BILL NYE: I've been messing around with this idea of cognitive dissonance. This is to say, you have a worldview, you're presented with evidence that conflicts with the world view, so you either have to change your worldview, which is hard because you've lived your whole life with it, or you just dismiss the evidence so that you don't have this discomfort, this conflict in your mind, this dissonance. And that's what I'm working with right now. And apparently the way to overcome that, is to say, "We're all in this together. Let's learn about this together." Present the conspiracy theorist with the idea that he or she may be rejecting evidence because it's just so uncomfortable, and you're in it together, we're in it together. I'm uncomfortable too. And just understand it's a process. Somebody who has a worldview that's inconsistent with evidence, and I may have some, it takes a while for you to turn around. Like the example of palm reading or astrology, it's not something people reverse their ideas about immediately. It takes, in my experience, it takes about two years for somebody to sort of look at palm reading, look at cold reading, or tarot card reading, for a while and then realize that these tarot card readers, palm readers, are just taking information that you've given them, the client's giving them, and feeding it back to you.
We all tend to go, "Well, look at the facts, change your mind," but it takes people a couple years to change their mind. So, my recommendation, stick with it. You'll get frustrated, the person will get frustrated, but present the idea of cognitive dissonance. This is my latest idea about a way to work together to a scientific understanding.
KRAUSS: Science doesn't prove what's absolutely true. What it does, is prove what's absolutely false. What doesn't satisfy the test of experiment, we throw out. What remains may not be true, but we shrink it down, as Sherlock Holmes would say, "And what remains after all of that is done, is likely to be true." So, many sources, question what you see, and whether it's consistent with what you already know, and be suspicious of your own likes and dislikes when you accept information. That's probably the reason we shouldn't, when we turn to the internet, go to echo chambers and just read the sources that we like. Now, having said that, if you look at many sources, you could also quickly decide which ones are not reliable and throw them out. If they're not reliable in one case then you should be highly suspicious of them in the future. So, we all turn to different sources that we think are more or less reliable based on our past experience. Try that, and I think it's one great way to filter out a lot of the nonsense on the internet.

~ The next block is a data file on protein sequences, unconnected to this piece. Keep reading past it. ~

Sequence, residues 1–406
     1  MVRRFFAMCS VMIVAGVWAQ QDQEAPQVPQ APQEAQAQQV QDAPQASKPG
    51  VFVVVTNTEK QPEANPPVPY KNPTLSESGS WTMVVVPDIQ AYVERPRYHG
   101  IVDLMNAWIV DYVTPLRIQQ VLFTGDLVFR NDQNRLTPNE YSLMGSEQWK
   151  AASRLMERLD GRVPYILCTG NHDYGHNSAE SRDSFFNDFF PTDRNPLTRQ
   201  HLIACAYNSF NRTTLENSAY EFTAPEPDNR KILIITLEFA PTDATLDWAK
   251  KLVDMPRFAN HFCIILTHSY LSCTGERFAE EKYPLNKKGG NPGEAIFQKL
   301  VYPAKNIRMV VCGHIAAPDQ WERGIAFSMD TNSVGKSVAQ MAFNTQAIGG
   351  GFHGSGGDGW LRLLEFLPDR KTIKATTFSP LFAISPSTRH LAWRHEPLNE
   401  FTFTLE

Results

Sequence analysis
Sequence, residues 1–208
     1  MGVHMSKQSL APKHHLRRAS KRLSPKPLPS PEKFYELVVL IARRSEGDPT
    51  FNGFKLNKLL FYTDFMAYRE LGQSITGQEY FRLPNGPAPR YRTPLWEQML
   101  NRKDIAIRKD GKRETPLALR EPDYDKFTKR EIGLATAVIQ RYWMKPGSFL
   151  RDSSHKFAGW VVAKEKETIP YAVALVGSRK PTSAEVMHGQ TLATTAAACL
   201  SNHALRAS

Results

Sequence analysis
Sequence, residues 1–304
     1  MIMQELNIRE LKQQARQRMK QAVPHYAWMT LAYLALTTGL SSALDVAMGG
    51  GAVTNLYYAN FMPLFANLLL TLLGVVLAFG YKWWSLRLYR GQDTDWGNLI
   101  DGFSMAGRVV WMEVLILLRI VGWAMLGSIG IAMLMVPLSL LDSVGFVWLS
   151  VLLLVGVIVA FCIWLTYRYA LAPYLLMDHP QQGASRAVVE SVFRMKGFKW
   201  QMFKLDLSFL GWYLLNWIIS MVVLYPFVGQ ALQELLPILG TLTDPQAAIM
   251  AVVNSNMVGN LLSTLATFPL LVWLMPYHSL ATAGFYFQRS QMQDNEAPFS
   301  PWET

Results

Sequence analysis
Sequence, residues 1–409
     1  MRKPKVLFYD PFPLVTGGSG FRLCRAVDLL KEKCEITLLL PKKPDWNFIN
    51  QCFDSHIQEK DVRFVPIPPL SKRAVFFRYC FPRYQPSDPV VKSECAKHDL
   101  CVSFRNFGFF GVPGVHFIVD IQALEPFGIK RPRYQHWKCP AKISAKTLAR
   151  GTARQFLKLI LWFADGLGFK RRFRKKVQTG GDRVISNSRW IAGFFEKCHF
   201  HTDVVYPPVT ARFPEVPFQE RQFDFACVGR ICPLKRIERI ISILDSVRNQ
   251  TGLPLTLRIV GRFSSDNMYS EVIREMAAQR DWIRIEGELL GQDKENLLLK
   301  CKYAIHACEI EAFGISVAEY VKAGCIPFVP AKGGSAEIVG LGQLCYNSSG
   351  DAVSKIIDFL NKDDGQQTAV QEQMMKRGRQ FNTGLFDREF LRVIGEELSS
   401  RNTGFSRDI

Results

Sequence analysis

When I talk about being skeptical, it is important to recognize that you can be surprised. And something that you don't think is sensible, can end up being sensible. That's the way we learn things in physics. So, when someone presents you with an idea that may seem strange, it's reasonable to be skeptical of it but it's worth pursuing long enough to see if it might make sense and to listen to arguments that might be convincing, that might cause you to change your mind. In fact, there's a great school of pedagogy that says, "The only way we actually learn anything is by confronting our own misconceptions." So, once again, while it's reasonable to be skeptical of external information, if you're always skeptical of your response to information, and what your misconceptions are and what your prejudices are, then you will both guard yourself not to accept nonsense but also you will be willing to realize that sometimes what you think is skepticism, is really myopia.